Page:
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    An_255764 posted:
    Let's assume a certain person eats usually for breakfast two servings of bread, one serving of milk and one serving of fruit which adds up to about 60 grams carbs. If instead of the above he eates four serving of bread he will still have 60 grams carbs.I know this is not recommended because he will miss minerals and vitamins which he could get from milk and fruits but will it affect also his blood sugar?
    If it does is it because of glycemic load? I would be obliged if someone can clarify this to me.
    davedsel2 responded:
    Why are you not having protein with your meal? As far as I understand and have experienced, protein is both an essential nutrient and helps many people control blood glucose levels.

    You would need to calculate and compare the glycemic load of both meals. The one with the higher glycemic load would probably cause a rise in blood glucose readings.

    Every person is an individual and responds uniquely to foods. There is no such thing as a "one size fits all" eating plan and "your mileage will vary". This would require a trial and error period to see how these meals affect you.
    Please click on my username or avatar picture to read my story.


    glucerna replied to davedsel2's response:
    You ask an interesting question. In the simplest theory, as long as you consume the same amount of carbohydrate, your blood sugar level should be similar. However, there are several variables, including fiber and protein content of the meal as well as glycemic load. The glycemic index of bread and cereal can vary quite a bit, so the exact food that you eat can also make a difference. As Dave says, use your glucometer to figure out how different meals affect you. ~Lynn @Glucerna
    betatoo responded:
    I think the answer to your question lies in the carbs vs starches answer. White breads, pastas, potatoes etc are considered to be starches. They are concentrated carbohydrates. If you consume 60 grams at a sitting in the starch category you will get a glucose spike. You can lower this by eating starches that are whole grain-whole grain bread, pasta etc. or you cut back on the carbs and get carbs from veggies and fruit. These metabolize even slower than the whole grains, and have a lot more nutrients. At the same time as Dave says, cutting out protein is not good as protein slows absorption of carbs. Balance out your meal with nutrients from all of the food groups. At the same time, I try to get my higher carb load in the morning and noon meals when I have a tendency to be more active, and just go for a lean protein and salad at night.
    nutrijoy responded:
    An_, I'll try to provide you with a more direct response to your question instead of commenting on what the "certain person" in your post "should or should not be" eating. In general, bread, whether whole grain or otherwise, will be more rapidly metabolized than the carbs in milk and fruit. The milk contains lactose but also some fat and protein. The fruit contains fiber and the sugar is primarily fructose which is metabolized in the liver. This will delay the conversion/absorption of glucose into the blood stream. In the case of fructose, it may never even reach that far. Depending on other foods consumed with the fruit, the liver may convert the fructose to fat instead (for storage instead of immediate use).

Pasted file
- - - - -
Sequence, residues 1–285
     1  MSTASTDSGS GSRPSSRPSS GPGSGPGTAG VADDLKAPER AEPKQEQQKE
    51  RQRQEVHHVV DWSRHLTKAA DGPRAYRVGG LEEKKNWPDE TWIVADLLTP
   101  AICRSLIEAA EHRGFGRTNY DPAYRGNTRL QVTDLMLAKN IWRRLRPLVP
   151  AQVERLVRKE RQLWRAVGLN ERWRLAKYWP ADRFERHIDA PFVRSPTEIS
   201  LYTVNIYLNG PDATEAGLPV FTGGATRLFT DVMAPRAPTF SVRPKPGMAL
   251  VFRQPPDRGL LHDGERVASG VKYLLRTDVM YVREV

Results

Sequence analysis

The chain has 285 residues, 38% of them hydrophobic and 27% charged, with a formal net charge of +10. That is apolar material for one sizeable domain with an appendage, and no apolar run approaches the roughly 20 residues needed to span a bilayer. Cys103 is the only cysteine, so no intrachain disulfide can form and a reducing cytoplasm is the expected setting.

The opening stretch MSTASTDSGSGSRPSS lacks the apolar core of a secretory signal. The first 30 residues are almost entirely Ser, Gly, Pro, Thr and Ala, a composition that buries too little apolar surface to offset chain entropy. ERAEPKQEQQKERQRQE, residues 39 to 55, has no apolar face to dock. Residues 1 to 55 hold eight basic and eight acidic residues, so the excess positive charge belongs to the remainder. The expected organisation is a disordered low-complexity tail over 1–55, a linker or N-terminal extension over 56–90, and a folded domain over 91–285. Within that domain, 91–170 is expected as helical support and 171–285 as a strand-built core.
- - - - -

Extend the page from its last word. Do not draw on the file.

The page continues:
The bottom line? The mixed food meal will likely spike your blood sugar levels less than the all bread meal. The latter will not only spike your BG level faster but the effect may also last longer. That's due to the fact that diabetics have an impaired metabolism and the beta cells will require more time to secrete enough insulin to handle the sudden increase in BG in the system. At the end of the day, your BG levels may end up the same after the meals are fully metabolized. However, the potential for glycation damage is much greater with the all bread meal because the elevation in BG is both faster and greater than the combo meal. When the impaired beta cells finally secrete enough insulin to "catch up," the ending level might be the same. However, the interim damaging effects between the two meals can be quite different. This can vary widely from one person to another so YMMV.
    fekak replied to davedsel2's response:
    thank you davedsel2 for answering my question on carbohydrates.
    fekak replied to glucerna's response:
    Thank you glucerna for answering my question on carbohydrates
    fekak replied to betatoo's response:
    Thank you betatoo for answering my question on carbohydrates
    fekak replied to nutrijoy's response:
    Thank you nutrijoy for answering my question on carbohydrates.

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